How To Track Savings: Seeing Progress, No Matter How Small

One of the things that makes it hard when you’re trying to save money is the feeling that you’re not getting anywhere. You make some changes in your lifestyle or you stop spending on unnecessary things and you know you’re saving money, but you just don’t feel like it’s adding up. When people start feeling like this they are more likely to give up. After all, if you don’t feel like you’re making any progress, what’s the point? Why make sacrifices if it’s just a couple of bucks here and there that never add up to anything?

I know this feeling. When I first started really saving money, I was frustrated. Here I was being frugal, couponing, an


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9 Responses to How To Track Savings: Seeing Progress, No Matter How Small

  1. Yo Prinzel says:

    I think this is a great idea, but I think it could be more powerful with one addition–putting all the savings immediately into the savings account.

    If you save $10 on something you need but you end up spending that $10 elsewhere, it isn’t really saved. Putting these savings in an account and letting them grow will do more than just make you proud–it will help your family when you are in need. The same could be done with items you WANT but don’t NEED. Like your holiday decoration–every day we pass up temptations from expensive lattes to sale-priced shoes. If we stop ourselves from buying and instead put that money into savings, we could make a huge impact on our finances!

  2. Pat Merritt says:

    Yes, but if you have very little money in the first place because you budgeted everything into savings, and that savings helped you to stretch, say, your grocery bill, then its still a great thing.

  3. Terri says:

    This is a terrific idea and just what I need right now to stay motivated. Thanks so much for sharing! : )

  4. Janis says:

    Wow, that’s a full time job, especially if you’re saving a lot!

  5. Joseph N. says:

    To me expenses and savings are like two sides of the same coin. One affects the other. The more you spend, the less you save. Tracking expenses is something that I definitely agree with.

    It is something that should be done all the time. Tracking savings is, as you imply Jennifer, something to track on a temporary basis for the motivation you may get.

    And yes, I also agree with Yo that savings is only real if you can actually put it into your bank account. Coupon savings doesn’t count. It’s only “paper” savings. It’s like a company paycheck. The gross amount you make is not what you take home. The amount you take home is your “disposable” income.

    I think a better way to “track savings” is to create a monthly family budget instead.

    At the beginning of the month, determine how much you have available for…say groceries. If you end up spending less because of coupons, or special sale, then at the end of the month you are “under budget”.

    If you budget a certain amount for other items like utilities, and clothing, but end up spending a little more, then at the end of the month you are “over budget”

    This will give you a more accurate picture of ALL funds coming in and going out. As you get better at “budgetting”, you will find a good balance. More importantly, a budget will help you to become more disciplined in your spending habits.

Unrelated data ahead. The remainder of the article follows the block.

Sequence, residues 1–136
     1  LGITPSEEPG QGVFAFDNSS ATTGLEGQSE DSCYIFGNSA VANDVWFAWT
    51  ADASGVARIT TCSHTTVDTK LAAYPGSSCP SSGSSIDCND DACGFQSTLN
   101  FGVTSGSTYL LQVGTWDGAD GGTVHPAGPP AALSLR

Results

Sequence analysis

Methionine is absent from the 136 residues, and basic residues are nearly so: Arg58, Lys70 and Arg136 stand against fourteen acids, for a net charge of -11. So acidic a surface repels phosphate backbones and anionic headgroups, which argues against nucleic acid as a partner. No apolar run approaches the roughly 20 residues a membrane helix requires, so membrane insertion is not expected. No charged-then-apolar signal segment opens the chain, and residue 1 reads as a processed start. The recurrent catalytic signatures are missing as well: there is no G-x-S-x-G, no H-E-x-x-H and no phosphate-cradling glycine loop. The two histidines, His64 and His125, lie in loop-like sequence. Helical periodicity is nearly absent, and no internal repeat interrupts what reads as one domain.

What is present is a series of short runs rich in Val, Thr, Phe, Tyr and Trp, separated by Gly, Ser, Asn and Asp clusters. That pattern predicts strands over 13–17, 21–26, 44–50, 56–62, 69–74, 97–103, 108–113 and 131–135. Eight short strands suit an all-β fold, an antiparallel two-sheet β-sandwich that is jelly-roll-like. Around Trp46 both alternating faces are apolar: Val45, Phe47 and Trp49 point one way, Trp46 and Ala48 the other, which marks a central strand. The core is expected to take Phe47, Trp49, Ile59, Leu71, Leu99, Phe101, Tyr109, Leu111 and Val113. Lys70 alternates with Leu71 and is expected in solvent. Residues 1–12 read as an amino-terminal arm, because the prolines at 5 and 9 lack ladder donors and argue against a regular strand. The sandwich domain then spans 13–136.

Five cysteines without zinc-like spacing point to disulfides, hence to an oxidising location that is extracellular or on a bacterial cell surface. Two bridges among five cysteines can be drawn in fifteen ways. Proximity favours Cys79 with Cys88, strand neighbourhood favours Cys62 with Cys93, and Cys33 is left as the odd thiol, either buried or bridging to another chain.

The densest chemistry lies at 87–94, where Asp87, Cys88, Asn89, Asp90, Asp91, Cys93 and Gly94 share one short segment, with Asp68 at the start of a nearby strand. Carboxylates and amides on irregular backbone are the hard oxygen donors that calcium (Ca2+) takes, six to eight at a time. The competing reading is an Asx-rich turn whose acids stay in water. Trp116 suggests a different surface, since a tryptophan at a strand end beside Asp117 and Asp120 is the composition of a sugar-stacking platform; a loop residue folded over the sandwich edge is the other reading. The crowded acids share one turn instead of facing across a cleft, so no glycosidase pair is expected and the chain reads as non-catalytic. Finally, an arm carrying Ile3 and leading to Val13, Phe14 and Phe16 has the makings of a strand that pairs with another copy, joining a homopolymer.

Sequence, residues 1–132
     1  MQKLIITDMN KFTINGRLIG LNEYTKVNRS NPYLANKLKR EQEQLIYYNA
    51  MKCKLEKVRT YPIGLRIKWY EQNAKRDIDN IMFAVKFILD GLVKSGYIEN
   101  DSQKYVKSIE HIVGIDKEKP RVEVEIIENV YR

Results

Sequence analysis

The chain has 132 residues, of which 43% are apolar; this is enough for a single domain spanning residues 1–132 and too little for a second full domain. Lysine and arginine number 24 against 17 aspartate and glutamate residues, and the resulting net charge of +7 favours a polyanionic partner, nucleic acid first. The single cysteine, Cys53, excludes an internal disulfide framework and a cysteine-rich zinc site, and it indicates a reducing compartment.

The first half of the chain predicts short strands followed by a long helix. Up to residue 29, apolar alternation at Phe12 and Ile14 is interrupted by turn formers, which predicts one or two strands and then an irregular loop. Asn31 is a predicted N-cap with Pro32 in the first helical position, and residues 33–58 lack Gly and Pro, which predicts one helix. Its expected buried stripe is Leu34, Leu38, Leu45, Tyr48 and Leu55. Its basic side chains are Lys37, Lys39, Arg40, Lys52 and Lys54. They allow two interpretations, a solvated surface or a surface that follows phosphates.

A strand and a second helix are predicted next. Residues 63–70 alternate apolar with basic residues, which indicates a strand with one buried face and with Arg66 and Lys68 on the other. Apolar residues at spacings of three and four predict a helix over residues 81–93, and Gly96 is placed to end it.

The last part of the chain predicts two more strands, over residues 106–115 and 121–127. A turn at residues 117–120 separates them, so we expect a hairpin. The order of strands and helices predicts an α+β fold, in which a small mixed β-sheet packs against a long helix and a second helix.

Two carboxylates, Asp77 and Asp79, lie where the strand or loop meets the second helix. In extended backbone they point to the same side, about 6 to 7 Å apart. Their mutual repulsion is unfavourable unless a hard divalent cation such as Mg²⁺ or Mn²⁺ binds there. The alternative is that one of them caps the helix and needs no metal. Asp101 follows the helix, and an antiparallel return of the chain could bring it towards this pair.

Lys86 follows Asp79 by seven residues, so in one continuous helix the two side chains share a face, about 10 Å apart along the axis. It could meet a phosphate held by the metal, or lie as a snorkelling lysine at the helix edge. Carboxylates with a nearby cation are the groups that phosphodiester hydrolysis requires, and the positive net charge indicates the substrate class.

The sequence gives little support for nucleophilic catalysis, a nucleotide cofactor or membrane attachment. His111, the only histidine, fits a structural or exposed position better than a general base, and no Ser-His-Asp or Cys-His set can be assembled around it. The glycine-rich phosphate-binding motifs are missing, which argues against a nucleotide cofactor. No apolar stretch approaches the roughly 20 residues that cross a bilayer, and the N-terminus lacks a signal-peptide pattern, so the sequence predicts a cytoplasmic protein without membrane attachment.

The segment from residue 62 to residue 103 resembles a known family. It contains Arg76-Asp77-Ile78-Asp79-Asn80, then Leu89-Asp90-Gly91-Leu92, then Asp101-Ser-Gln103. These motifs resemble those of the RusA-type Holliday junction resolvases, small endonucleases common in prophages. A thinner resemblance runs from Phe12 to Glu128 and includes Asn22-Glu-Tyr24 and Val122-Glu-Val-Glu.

6. Mick says:

    Some good advice. I agree with the first comment that the savings should go straight into a savings account and not elsewhere.

  7. GaelicWench/Jo says:

    Personally, tracking savings and spending go hand in hand. Tracking spending is a form of discipline so you don’t go over budget or know there are weaknesses.

    Tracking of one’s savings for a month, I find, is a motivator. That way, if there is something you are saving up for, this will be the impetus to use this method instead of putting it on the credit card; also, it will quicken your savings far more quickly.

    As for being time-consuming, I find it no more as such as tracking one’s expenses. Jusst have a notebook to do both; it won’t take more than a minute each time.

    Lastly, DO put those savings into an account with what you already have if you are trying to achieve a goal. The rewards for doing so will boost and motivate your encouragement to continue on for other goals.

  8. Gail says:

    Tracking savings on paper without putting it into a savings account, does have a purpose. When you are barely making ends meet to start with or are using a credit card to handle monthly bills, then tracking the savings is important as that is money that is going into paying your bills instead of being charged onto credit cards. It is a way of seein your cash stretch to meet your needs. But as you stretch month in and month out, you will gradually start having little bits for savings and then start putting it into an account. Basically if you bring in $2000 a month and your expenses are $2100, if you manage to ‘save’ $100 a month you don’t actually have any money to save but you have avoided increasing your debt. You break even. Of course once you get your monthly bills down to $1950 put that other $50 into savings.

  9. Cookie says:

    I absolutely love this blog – each article keeps me focused and helps me to stick with it. Great job! This was very motivational. I was doing this a little (mainly for major savings) but I will amp up my efforts.


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